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  • $\begingroup$ arxiv.org/abs/1701.06538 , this might incline you revise your estimate. ;-) They want to scale up to a trillion parameters and I wouldn't be surprised if they did it this year, which would be a jump to 2022 on your timeline. $\endgroup$ – BlindKungFuMaster Feb 22 '17 at 12:18
  • $\begingroup$ is the number of parameters in this analogy equivalent to the number of synapses? $\endgroup$ – committedandroider Sep 25 '19 at 19:16
  • $\begingroup$ @committedandroider: roughly but yes, parameters here are weights in between neurons/nodes in ANN, in natural NN the equivalent is synaptic weights, which map to synapses. $\endgroup$ – Keno Sep 26 '19 at 20:18

Soon enough but that doesn't mean anything at all. In machine learning the word neuron represents a calculation whereas in brain the word neuron represent a specific type of cell which is a biochemical system.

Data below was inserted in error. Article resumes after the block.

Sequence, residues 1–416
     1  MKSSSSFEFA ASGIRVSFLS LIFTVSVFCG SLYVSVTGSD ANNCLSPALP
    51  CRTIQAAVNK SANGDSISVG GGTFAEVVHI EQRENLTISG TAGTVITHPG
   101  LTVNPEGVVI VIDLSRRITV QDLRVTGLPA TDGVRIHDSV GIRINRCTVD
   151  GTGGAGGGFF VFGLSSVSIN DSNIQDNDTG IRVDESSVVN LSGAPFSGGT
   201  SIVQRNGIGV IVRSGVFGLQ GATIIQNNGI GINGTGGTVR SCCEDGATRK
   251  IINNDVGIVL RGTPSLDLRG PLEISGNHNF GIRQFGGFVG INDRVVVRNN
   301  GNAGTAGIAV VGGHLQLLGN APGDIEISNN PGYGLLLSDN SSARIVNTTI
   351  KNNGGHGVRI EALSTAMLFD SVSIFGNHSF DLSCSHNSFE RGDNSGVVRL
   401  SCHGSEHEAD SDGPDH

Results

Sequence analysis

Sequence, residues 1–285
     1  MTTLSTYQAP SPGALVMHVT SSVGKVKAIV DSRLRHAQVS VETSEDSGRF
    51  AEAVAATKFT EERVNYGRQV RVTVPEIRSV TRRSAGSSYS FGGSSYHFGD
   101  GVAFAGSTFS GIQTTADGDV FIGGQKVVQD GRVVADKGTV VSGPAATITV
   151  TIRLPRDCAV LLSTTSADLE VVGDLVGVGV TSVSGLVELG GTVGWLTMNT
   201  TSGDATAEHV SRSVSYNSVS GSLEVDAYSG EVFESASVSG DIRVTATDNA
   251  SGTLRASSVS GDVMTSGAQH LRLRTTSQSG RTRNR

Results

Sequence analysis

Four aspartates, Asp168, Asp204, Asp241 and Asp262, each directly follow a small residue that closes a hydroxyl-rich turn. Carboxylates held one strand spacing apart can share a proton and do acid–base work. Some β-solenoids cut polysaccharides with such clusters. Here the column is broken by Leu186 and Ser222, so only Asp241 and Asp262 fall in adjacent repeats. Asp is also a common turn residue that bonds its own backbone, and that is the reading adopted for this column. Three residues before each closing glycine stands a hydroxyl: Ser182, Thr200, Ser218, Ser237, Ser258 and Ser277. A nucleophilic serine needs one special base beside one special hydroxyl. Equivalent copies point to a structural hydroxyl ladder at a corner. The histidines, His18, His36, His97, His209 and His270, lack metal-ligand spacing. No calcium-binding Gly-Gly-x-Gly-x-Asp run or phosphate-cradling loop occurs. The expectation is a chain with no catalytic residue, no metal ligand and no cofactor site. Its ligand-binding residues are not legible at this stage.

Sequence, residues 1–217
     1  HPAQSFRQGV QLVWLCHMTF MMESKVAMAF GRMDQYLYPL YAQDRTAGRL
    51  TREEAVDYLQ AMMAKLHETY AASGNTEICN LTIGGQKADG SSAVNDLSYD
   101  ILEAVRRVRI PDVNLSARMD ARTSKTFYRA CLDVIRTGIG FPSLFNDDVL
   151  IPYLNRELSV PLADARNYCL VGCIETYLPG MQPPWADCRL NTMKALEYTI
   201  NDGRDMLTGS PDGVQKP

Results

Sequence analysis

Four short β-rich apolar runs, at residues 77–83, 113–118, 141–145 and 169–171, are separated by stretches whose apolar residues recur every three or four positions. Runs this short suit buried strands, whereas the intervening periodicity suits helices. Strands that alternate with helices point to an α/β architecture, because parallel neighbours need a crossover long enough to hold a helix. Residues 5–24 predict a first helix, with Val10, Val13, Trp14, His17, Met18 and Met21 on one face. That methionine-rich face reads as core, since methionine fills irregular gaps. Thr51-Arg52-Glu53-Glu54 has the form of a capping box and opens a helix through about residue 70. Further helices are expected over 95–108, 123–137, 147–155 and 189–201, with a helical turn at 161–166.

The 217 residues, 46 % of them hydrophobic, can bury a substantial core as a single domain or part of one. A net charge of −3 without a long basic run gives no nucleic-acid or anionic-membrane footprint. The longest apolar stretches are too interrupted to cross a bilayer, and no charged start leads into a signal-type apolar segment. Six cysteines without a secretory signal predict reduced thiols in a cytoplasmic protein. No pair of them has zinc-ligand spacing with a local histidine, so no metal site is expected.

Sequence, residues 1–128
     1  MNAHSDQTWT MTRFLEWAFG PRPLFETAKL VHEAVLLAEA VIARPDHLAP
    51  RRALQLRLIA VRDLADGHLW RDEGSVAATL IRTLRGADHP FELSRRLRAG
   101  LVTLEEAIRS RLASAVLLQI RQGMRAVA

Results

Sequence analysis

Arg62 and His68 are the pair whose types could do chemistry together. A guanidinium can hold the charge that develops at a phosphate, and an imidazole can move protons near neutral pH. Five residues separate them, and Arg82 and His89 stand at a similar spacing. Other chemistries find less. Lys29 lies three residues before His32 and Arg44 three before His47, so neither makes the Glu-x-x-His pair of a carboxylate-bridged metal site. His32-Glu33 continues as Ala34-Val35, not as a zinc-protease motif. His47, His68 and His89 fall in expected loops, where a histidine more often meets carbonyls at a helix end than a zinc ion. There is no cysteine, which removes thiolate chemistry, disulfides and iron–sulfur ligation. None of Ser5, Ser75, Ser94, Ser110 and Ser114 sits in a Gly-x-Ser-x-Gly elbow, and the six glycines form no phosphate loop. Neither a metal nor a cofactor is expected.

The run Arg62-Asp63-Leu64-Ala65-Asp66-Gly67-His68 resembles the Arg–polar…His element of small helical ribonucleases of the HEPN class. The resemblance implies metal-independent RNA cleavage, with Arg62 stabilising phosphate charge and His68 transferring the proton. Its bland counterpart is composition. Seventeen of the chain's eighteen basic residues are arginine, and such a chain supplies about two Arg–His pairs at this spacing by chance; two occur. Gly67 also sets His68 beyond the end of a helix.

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    $\begingroup$ Yes, plus multiple calculations are carried out within biological neurons through the interactions of a dizzying array of neurotransmitters etc. It might take multiple hardware or software neurons to get the same effect in an artificial neural net. Furthermore, we don't know how many of these neurochemical exchanges of information are taking place - new ones are being discovered all the time - and have a poor understanding of what their functions are. So we can't even give an accurate number of how many processing units we need, let alone estimate when we'll have them. $\endgroup$ – SQLServerSteve Nov 14 '16 at 6:50